Benjamin Zephaniah on Nelson Mandela, Bob Marley and race riots in London

Benjamin Zephaniah

Benjamin Zephaniah will be at Saffron Hall on November 9 - Credit: Archive photo

“I realised that if you want to be a rebel, you have to have a cause" - Benjamin Zephaniah on life in the front line against discrimination

Benjamin Zephaniah

Benjamin Zephaniah - Credit: Archive photo

Nelson Mandela read Benjamin Zephaniah's books in prison and listened to recordings of his music.

When he left prison, the leader of the African National Congress asked to meet the British poet from Birmingham. He wanted him to work in South Africa.

Zephaniah is talking about his life and times at Saffron Hall on Saturday, November 9.

The boy who could not read and write at school because he was dyslexic has come a long way, now teaching in university and speaking in schools, regarded as a national treasure.

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But he was expelled from school at 13.

"They said I was uncontrollable. That put me in a lot of trouble as I got involved with petty crimes but it taught me a lot at the same time. I realised that if you want to be a rebel, you have to have a cause and I started to think a lot for myself.

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"I tell students now, that, on paper, they are more educated than me, but if you have no humanity and compassion that's not good, can you connect with other human beings?"

Zephaniah is Professor of Poetry at Brunel University in London. "When you educate people, you celebrate them, especially women. Society moves on progressively because women take control of their bodies, they don't get controlled by men."

He would have been awarded an OBE in 2004 if he had accepted the honour, he said at the time, the word "Empire" reminded him of slavery and all the brutality that involved.

Zephaniah was living in London when he got caught up in the race riots in the 1980s.

"They happened around me. Back then, racism was very in your face. There was the National Front against black and foreign people and the police were also very racist. I got stopped four times after I bought a BMW when I became successful with poetry. I kept getting stopped by the police so I sold it.

"I was a big protestor, not just against racism but also apartheid. We are a multicultural society but the institutions have to catch up with us. It's always been multicultural, the Angles, Saxons, Celts, all brought different cultures before black and brown people came as well as Europeans. Some employers still have to catch up with us."

He referred to an article published by the BBC at the beginning of the year, which highlighted non-white British names being ignored by employers.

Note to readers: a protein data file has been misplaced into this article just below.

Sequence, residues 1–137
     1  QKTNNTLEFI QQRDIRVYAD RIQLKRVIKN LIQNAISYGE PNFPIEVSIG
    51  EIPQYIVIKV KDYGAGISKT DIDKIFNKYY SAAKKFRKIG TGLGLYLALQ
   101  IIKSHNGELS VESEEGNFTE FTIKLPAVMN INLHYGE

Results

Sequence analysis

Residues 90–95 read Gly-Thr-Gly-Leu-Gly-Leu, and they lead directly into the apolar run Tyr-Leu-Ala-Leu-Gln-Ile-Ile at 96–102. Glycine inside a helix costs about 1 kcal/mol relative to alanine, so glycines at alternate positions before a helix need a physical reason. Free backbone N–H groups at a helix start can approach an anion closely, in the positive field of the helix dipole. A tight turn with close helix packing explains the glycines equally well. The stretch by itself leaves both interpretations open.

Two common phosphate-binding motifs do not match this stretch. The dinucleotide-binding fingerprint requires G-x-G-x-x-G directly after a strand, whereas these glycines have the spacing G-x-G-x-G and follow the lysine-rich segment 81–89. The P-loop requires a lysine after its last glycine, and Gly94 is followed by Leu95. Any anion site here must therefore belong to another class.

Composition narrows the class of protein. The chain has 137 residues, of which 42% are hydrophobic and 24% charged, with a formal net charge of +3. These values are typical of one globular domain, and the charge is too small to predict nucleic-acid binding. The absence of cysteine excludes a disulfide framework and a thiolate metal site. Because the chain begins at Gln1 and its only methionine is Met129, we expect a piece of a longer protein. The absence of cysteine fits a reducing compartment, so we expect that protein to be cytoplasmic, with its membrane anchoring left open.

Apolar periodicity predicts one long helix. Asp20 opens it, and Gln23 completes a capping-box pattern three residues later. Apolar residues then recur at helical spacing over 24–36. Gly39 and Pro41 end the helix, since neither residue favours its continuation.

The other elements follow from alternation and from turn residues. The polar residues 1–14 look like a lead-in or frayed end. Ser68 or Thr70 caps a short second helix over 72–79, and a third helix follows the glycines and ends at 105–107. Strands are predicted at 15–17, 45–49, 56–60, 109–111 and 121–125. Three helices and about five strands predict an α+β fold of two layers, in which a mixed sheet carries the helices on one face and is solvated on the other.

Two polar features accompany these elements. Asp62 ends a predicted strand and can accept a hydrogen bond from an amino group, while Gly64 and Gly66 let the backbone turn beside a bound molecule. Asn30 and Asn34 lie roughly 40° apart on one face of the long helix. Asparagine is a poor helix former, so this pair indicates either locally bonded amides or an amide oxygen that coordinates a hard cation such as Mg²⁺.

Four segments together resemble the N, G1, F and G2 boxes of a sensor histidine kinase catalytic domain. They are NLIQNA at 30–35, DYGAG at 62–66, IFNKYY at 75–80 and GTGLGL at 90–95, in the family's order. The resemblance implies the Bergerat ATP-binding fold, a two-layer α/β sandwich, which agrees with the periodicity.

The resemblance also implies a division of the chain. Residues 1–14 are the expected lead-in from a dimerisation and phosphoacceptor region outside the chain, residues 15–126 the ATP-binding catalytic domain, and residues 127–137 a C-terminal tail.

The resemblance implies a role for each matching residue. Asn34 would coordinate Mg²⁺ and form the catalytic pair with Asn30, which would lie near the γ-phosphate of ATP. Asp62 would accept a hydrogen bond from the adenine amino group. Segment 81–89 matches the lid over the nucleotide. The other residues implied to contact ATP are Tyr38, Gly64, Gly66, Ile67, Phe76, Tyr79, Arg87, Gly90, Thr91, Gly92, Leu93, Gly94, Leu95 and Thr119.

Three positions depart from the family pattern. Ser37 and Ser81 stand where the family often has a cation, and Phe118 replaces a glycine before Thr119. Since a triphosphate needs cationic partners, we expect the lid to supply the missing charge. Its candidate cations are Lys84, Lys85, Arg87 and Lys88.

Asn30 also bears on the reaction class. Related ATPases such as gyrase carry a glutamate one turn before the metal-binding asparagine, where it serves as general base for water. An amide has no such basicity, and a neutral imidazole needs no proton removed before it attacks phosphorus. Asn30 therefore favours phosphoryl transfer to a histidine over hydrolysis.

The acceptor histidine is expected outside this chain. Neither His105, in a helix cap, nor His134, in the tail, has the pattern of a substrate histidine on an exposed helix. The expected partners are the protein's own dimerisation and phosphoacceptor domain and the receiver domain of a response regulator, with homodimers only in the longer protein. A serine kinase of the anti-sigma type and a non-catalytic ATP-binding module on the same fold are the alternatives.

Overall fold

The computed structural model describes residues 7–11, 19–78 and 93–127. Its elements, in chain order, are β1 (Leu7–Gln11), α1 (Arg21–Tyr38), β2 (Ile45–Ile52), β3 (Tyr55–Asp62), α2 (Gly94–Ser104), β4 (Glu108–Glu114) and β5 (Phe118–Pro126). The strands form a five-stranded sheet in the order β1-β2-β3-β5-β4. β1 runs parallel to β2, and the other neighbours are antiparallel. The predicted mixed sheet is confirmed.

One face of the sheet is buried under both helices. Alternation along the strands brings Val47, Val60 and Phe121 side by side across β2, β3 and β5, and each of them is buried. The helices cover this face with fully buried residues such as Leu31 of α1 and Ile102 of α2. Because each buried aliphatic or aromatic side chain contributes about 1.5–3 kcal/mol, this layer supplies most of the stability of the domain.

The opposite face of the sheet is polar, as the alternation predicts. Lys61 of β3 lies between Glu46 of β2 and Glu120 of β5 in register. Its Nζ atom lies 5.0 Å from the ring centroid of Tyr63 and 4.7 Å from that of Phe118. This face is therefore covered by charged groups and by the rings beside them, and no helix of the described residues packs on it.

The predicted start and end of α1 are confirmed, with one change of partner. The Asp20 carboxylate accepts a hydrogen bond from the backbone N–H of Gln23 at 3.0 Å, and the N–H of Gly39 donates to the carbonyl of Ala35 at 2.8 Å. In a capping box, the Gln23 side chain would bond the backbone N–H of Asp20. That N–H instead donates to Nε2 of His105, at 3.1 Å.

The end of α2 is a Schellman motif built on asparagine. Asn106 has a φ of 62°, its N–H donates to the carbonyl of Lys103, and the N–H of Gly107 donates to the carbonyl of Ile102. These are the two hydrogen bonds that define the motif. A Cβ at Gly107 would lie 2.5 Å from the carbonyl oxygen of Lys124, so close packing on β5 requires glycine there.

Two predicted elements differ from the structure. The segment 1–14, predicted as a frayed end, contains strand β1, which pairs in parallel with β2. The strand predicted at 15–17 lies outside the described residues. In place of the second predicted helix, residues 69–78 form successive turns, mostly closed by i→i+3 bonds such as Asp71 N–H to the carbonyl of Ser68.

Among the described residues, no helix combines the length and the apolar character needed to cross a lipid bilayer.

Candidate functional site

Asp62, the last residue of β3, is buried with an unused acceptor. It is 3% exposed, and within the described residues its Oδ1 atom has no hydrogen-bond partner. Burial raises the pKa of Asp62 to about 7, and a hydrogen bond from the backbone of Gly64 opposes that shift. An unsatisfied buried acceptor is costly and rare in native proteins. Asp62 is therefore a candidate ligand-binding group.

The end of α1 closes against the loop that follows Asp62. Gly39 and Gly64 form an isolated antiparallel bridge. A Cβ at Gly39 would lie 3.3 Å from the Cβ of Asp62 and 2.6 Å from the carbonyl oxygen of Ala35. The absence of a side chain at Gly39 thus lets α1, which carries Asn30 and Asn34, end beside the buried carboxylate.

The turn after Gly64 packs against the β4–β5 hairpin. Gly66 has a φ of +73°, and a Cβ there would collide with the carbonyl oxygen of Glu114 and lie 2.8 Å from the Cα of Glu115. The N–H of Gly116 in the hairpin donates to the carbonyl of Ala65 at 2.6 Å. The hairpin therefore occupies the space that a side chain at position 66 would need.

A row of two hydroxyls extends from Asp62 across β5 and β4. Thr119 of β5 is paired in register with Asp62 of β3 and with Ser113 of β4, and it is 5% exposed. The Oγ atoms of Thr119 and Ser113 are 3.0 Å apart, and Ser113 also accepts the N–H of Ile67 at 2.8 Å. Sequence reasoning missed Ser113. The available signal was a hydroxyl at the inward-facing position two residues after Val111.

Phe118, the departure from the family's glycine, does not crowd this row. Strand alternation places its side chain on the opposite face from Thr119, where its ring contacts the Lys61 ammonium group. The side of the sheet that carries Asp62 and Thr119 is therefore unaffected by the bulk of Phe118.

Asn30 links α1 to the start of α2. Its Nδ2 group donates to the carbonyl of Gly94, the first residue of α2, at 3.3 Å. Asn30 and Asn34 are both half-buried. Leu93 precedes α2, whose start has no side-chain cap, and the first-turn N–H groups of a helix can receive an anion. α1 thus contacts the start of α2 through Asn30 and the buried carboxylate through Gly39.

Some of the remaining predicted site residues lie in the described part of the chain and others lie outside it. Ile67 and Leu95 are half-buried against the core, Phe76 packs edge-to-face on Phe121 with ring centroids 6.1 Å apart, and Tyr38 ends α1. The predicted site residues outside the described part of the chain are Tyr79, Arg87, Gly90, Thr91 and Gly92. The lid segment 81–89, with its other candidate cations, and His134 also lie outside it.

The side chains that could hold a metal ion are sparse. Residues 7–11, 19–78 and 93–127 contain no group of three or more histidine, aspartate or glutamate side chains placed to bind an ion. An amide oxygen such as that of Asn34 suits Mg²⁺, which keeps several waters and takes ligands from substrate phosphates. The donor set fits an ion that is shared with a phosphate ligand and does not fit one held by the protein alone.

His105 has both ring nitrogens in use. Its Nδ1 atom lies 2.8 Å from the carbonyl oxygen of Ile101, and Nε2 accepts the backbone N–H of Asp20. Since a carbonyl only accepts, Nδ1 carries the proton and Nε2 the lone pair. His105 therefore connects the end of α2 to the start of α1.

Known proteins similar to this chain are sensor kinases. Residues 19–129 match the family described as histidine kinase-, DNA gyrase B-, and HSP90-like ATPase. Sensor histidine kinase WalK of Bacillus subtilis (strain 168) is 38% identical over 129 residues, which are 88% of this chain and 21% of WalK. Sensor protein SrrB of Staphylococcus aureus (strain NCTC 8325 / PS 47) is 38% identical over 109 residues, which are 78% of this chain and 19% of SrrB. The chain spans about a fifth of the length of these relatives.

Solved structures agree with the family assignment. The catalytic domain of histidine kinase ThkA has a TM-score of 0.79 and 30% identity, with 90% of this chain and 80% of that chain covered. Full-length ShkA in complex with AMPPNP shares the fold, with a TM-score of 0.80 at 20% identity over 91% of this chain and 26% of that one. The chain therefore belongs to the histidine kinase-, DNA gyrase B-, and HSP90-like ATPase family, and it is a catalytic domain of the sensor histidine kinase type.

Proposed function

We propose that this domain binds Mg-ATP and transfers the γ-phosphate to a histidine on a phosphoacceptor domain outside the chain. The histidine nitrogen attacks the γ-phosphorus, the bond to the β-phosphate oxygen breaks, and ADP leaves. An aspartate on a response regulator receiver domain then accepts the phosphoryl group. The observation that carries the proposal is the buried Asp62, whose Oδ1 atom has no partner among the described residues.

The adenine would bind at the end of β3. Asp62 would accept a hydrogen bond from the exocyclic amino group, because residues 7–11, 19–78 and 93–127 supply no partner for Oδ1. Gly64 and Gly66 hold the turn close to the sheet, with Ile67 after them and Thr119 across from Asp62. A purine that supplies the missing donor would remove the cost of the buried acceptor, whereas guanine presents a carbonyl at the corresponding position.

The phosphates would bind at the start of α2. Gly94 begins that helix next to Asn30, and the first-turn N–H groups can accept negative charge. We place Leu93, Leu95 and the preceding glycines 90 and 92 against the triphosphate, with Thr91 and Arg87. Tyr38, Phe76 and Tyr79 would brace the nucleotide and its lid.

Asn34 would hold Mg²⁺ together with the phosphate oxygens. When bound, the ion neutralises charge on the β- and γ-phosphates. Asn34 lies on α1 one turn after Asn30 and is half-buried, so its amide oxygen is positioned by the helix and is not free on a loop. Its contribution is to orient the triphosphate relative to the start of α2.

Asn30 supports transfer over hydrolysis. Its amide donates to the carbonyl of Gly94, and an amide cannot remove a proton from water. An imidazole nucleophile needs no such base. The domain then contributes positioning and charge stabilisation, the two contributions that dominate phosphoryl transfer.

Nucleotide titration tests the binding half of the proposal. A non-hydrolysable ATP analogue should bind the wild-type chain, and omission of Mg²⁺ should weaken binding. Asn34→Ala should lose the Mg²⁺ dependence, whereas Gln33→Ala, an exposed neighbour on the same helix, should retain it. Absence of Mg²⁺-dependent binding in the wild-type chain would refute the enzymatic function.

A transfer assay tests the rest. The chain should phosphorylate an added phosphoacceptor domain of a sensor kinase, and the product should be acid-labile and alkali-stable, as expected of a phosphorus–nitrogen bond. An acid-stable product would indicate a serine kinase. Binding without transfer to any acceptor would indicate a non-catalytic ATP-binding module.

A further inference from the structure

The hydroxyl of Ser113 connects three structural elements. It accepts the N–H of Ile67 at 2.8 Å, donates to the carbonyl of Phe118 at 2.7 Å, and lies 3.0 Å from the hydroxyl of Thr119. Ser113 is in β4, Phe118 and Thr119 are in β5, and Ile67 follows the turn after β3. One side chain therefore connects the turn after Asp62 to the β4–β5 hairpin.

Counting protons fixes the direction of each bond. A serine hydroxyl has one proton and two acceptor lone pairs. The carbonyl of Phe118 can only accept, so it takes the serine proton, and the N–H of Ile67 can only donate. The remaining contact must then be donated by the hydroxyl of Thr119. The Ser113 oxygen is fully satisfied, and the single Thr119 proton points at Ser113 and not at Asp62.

His poetry has a Carribean feel to it and a musicality. He had met Bob Marley when Marley was living in London and years later, when Zephaniah went to Jamaica to record a poetry-music piece, he sought out Marley's musicians for the recording. The song was about Nelson Mandela, when Mandela was still in prison.

"When he was in prison, someone gave him some recordings of my music and some of my books and he read them and when he came out he requested to meet me in London. We had a 10-minute conversation but then he wanted me to do some work in South Africa and we became friends."

Zephaniah started writing poetry when he was very young. His first public performance was in a church when he was aged 11.

"I have always told people that dyslexia is not a mask of intelligence. It doesn't stop you from having ideas. The most important thing is not to be downhearted about it.

"We (people with dyslexia) think more creatively. We think outside the box. I use it to my advantage. I tell my students when you write, if you really love somebody, don't mention their name and don't mention love, so you have to think creatively."

His Jamaican mother was a great creative influence on him as he was growing up.

"I have always been close to my mother and I heard poetry from my mother. Hearing reggae music all the time, I put these things together. They are called the Windrush generation and I think it's really brave to go to a completely different country and start a life for yourself. They experienced a difficult kind of racism and she was a great inspiration."

He is very engaged with street politics, which influences his work.

"I want to make politics accessible to people, things that people really care about and affect them. Most people in Britain have never read Karl Marx or Adam Smith. Most people are concerned with food and safety. How do you survive and live together sharing the space?"

We are a long, long way from a meritocracy he says: "I meet some really intelligent young people who will never reach Oxford or Cambridge, does that mean they shouldn't be given a chance to prove themselves?

"Sometimes you do think, they would do better if they had different circumstances. If there was a complete meritocracy, I would be happy, but if someone is born in a run down place, with a bad school, how can you expect them to thrive?

"I would always say speak out. Stay true to yourself and speak your truth. It's really important that people hear your truth. Speak for yourself and be as honest as you can. Forget about borders and flags. What do you really think?

"You would realise we have more in common than you think. We are so defined by our cultures. I want to encourage people to spread love all over the world."

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